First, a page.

A preseason game between the Houston Rockets and San Antonio Spurs may not have seemed like much more than an exhibition for fans watching their favorite players, such as Jalen Green, Kevin Porter Jr., and Alperen Sengun, back on the floor together. Fans were also able to enjoy new additions to the team in highly touted rookies like Jabari Smith Jr., Tari Eason, TyTy Washington, and Stephen Silas.
No, that was not a typo. I did say, Stephen Silas.
Although he is entering his third season as the head coach for the Rockets, it is his first year in which there no significant adversity to face entering training camp or the regular season.
Most of his players have now had at least one year of service under his leadership, which was very different from when he first stepped foot inside Toyota Center as head coach back in October 2020.
Entering a shortened offseason due to COVID-19, former Rockets head coach Mike D’Antoni decided not to return to the team. After an extensive coaching search, Houston agreed to hire Silas, a long-time NBA assistant who had experience coaching NBA superstars such as LeBron James, Steph Curry, and Luka Dončić.
Since the Rockets had two elite players at the time in James Harden and Russell Westbrook. Silas’ job was initially about bringing an offensive system that would revolve around the smooth, silky shooting and playmaking of Harden while creating more space for Westbrook to utilize his powerful athleticism and attack the rim.
It seemed like a dream job for Silas, but it soon turned into a nightmare, as rumors swirling around the team that offseason about the two stars being disgruntled finally became a reality.
Westbrook, who was traded to Houston in July 2019 amid reports of friction between Harden and another future Hall of Famer (Chris Paul), reportedly wanted out a year later and was sent to Washington in exchange for guard John Wall and a future first-round draft asset. That deal was not completed until the week training camp started.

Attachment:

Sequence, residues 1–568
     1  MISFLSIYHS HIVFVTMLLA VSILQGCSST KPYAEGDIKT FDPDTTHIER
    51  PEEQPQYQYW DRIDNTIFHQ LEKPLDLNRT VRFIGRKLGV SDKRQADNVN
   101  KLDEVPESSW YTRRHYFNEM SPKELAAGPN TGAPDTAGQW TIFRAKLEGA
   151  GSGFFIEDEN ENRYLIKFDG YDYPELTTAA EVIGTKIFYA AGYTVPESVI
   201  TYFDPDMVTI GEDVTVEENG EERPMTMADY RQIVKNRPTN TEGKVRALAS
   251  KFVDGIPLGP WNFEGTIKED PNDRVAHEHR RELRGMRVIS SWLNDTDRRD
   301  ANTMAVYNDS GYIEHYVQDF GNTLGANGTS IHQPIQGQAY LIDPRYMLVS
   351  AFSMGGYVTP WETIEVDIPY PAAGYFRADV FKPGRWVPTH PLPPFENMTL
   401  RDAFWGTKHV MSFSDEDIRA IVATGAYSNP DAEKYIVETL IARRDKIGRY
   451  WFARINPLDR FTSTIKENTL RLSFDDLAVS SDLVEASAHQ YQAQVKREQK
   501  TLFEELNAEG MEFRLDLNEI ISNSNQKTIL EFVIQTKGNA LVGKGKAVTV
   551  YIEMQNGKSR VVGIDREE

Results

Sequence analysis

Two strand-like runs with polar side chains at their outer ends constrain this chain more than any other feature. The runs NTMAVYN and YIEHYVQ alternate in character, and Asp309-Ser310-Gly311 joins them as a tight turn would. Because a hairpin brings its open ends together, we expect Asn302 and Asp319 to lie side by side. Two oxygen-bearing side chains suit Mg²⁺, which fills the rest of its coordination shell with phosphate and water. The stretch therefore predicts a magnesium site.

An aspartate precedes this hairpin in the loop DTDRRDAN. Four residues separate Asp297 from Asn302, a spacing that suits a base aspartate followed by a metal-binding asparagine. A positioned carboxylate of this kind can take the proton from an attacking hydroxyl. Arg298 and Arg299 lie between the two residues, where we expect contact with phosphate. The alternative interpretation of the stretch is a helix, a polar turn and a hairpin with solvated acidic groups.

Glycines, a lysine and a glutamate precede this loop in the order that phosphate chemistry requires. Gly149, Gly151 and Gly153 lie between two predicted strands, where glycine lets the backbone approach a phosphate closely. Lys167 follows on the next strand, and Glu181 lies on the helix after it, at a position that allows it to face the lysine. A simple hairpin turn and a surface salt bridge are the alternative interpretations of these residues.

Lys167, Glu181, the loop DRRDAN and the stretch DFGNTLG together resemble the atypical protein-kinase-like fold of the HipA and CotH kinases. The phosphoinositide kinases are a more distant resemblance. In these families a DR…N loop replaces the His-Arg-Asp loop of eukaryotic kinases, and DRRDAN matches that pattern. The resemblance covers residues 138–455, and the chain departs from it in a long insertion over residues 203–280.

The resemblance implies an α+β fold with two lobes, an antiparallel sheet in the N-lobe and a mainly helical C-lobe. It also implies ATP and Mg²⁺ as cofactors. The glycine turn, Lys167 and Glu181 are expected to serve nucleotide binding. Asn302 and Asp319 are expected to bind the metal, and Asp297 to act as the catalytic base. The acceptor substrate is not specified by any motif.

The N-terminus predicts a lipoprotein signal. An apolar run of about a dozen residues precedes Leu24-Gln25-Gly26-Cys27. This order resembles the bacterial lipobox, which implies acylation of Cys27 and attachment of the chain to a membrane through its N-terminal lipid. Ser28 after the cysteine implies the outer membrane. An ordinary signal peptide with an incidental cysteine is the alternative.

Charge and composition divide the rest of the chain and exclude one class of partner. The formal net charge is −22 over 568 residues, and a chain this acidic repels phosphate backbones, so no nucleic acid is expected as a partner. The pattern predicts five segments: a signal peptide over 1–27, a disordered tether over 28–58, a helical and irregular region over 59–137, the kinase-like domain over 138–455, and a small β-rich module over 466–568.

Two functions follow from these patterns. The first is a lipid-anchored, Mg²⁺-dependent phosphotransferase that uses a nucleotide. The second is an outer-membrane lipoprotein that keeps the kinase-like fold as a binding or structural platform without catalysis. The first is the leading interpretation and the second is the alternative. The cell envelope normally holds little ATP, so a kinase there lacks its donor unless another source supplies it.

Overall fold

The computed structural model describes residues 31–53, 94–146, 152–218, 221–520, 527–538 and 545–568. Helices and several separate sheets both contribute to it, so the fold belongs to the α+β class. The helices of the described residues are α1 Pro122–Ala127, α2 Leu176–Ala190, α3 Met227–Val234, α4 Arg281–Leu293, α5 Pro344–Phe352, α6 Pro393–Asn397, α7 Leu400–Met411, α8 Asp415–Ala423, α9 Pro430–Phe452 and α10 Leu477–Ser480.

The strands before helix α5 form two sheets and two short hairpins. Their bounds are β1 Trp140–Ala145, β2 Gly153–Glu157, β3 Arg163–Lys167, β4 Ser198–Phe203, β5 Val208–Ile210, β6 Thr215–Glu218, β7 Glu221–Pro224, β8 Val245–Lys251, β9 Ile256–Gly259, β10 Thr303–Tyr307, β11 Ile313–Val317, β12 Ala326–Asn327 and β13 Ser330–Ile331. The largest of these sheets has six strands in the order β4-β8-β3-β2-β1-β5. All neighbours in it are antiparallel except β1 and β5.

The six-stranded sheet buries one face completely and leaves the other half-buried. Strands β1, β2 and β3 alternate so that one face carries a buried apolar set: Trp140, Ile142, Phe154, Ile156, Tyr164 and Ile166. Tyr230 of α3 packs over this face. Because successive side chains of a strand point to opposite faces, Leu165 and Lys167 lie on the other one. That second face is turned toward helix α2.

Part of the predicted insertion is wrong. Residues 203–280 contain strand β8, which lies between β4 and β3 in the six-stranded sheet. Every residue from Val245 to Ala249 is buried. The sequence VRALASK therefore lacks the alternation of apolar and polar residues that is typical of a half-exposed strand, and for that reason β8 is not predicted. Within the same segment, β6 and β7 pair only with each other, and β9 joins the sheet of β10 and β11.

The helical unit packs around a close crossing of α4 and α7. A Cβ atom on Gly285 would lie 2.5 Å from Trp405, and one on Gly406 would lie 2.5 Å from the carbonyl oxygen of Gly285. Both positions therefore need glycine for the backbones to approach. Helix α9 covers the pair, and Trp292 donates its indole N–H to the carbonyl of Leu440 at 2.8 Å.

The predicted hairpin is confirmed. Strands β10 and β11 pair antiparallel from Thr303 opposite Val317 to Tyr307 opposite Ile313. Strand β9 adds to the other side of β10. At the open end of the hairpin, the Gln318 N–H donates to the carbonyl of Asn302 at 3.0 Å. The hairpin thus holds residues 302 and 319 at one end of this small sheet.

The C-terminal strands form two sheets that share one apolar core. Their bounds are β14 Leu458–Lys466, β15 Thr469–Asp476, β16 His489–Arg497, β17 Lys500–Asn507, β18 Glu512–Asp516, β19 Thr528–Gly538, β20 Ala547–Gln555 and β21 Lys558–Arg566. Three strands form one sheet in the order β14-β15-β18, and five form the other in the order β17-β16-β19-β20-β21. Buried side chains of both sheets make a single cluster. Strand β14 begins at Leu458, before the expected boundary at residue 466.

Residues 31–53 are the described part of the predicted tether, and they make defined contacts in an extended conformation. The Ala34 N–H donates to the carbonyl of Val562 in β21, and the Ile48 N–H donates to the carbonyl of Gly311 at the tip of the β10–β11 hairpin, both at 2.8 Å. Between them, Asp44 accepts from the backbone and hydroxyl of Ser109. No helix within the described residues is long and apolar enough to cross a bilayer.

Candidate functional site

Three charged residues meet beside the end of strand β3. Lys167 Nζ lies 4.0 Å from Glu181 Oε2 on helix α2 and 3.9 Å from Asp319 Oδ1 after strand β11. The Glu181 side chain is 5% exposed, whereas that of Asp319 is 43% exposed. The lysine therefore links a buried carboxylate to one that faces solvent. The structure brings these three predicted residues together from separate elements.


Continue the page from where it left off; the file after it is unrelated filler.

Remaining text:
Even with the departure of the 2017 NBA MVP, Silas still had the player who won the award the next season in Harden. However, Harden soon asked out, himself, following the departure of D’Antoni and former general manager Daryl Morey. After reporting to training camp late, Harden opened the season with the Rockets and appeared in eight awkward games before forcing a trade to Brooklyn.
Between the Harden and Westbrook debacle, injuries, trades, and players going in and out of the NBA’s health and safety protocols due to COVID-19 issues, Houston finished 2020-21 with a horrid 17-55 record, ending a tumultuous season for the rookie head coach.
The 2021-22 season was supposed to be somewhat better, with former All-Star point guard John Wall leading the resurgence of the Rockets’ youth movement after drafting the likes of Jalen Green, Alperen Sengun, Josh Christopher, and Usman Garuba.
Combine that with Kevin Porter Jr., who Houston acquired from Cleveland in January 2021, and it looked as if Silas had the recipe to pull the Rockets out of the bottom of the Western Conference.
Yet, once again, Houston had to deal with another disgruntled star in Wall, and he and the Rockets mutually agreed that he would not play as the organization looked for qualified teams to trade with. A 31-year-old floor general with high usage wasn’t an ideal fit for a rebuilding team, and the final resolution of a contract buyout wasn’t reached until late June.
Although Silas had a plan to replace Wall by inserting Porter into the starting lineup, it was just another distraction that would linger over his head as he frequently answered questions about Wall throughout the season. In the end, with a 20-62 record, Houston finished at the bottom of the West for a second consecutive year.
This year, Silas took some time in the offseason to gather his thoughts and wrap his mind around everything that had happened the first two seasons of his head coaching career. He took delight in knowing that he would finally begin the season with talented players to add to the roster in the form of those 2022 first-round draft picks alongside a nucleus of young, athletic players already on the team.
With an entire offseason and no more drama to deal with from disgruntled superstars, it is almost as if Silas is starting his rookie season with the team in 2022-23, as opposed to his third season.
“I am excited about this group and the future,” Silas said at Houston’s annual media day to start camp in late September. “The first year there was a lot going on, and the second summer was short and there was a lot going on, as well. This year has been more normal.”
“We had a long summer, which is normal for a team like us,” Silas told reporters. “I am excited about our young guys because they are all good workers, super, super competitive and to some extent they have a chip on their shoulder. Which I love. It is for sure different from year one and year two. I might have a few more grey hairs because of those first couple of years.”
With no more turmoil and adversity surrounding the team, we might get a chance to finally witness the Rockets’ true “Rookie of the Year.”
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Story originally appeared on Rockets Wire